Every once in a while, personal injury lawyers come up with new ways to sue that can be real head scratchers. Courts usually weed out these theories, but they get through on occasion. This happened last year in Alabama, where the Alabama Supreme Court held that a company can be subject to liability, not for its own products, but for products entirely made and sold by its competitors. This theory for liability has been dubbed “innovator liability” because it is used primarily against companies that invent new products even though the plaintiffs in the cases are alleging that they have been harmed only by similar or “knock-off” products of other companies.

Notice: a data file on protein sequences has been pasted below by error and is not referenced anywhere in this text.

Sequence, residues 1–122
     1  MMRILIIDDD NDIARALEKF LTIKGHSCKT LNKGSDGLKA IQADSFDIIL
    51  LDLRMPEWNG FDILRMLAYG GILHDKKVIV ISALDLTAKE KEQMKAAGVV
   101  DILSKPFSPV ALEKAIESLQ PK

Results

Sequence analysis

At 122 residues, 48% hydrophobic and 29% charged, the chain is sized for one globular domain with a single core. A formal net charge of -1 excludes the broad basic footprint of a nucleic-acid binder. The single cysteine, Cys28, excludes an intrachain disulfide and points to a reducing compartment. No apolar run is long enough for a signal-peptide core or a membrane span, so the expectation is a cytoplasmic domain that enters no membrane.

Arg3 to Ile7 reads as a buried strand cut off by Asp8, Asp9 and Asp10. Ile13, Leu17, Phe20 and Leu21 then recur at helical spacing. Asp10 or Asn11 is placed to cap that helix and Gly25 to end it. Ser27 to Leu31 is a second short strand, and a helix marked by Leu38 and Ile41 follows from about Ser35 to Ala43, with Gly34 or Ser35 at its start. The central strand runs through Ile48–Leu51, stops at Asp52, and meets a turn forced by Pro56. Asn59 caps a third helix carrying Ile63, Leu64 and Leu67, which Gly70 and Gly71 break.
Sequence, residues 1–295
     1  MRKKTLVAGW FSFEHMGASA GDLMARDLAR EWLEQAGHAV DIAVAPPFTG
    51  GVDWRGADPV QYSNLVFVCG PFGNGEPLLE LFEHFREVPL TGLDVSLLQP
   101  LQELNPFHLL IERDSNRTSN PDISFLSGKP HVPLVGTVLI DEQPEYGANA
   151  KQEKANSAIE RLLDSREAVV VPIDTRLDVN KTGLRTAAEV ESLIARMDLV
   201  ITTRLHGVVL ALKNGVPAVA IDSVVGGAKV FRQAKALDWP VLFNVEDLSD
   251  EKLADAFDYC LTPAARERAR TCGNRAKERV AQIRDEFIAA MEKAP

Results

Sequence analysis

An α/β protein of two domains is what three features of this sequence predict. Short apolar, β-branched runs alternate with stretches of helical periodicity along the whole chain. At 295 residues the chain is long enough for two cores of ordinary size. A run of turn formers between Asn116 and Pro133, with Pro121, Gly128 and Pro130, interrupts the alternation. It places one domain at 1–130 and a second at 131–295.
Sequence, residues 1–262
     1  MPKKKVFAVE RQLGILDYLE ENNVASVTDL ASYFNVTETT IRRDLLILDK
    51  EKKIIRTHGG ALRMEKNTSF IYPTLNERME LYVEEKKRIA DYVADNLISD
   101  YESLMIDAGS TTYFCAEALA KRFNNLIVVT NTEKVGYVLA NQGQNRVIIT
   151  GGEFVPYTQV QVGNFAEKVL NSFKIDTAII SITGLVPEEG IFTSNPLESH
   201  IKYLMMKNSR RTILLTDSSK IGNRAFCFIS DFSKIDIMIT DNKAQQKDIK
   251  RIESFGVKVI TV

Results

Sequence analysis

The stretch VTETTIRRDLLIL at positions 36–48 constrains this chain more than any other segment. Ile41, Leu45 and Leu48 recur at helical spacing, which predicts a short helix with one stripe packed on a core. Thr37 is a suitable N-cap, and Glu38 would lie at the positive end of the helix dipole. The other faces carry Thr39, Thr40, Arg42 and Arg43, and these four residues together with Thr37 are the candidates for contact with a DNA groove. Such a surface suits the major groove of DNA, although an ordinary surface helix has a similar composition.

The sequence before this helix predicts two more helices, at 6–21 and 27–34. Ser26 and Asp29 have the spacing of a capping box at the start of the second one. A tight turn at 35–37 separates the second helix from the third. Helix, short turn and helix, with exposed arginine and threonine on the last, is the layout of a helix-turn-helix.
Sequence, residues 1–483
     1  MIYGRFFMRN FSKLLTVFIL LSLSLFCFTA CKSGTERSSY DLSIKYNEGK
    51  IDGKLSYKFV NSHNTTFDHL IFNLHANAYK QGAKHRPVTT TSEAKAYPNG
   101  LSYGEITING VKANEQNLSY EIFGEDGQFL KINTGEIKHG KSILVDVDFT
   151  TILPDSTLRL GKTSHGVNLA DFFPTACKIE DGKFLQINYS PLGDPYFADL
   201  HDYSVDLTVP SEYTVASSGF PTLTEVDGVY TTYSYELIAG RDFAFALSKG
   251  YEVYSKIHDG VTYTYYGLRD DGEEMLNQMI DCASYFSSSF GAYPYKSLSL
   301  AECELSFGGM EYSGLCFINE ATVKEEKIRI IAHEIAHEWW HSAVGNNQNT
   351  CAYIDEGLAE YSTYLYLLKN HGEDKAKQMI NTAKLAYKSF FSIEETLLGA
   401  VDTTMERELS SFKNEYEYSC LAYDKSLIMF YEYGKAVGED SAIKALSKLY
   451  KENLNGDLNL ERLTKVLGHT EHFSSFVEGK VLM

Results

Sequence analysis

In May, the Alabama Legislature and Governor, in a swift bipartisan manner, overturned their state Supreme Court’s innovator liability ruling. Alabama’s policymakers appreciated that it makes no legal or economic sense for innovators to own the liability for an entire product line. In addition to being legally unprincipled, this liability theory punishes innovation, which could have devastating long-term impacts on consumers and businesses alike. The downsides of such liability are too great.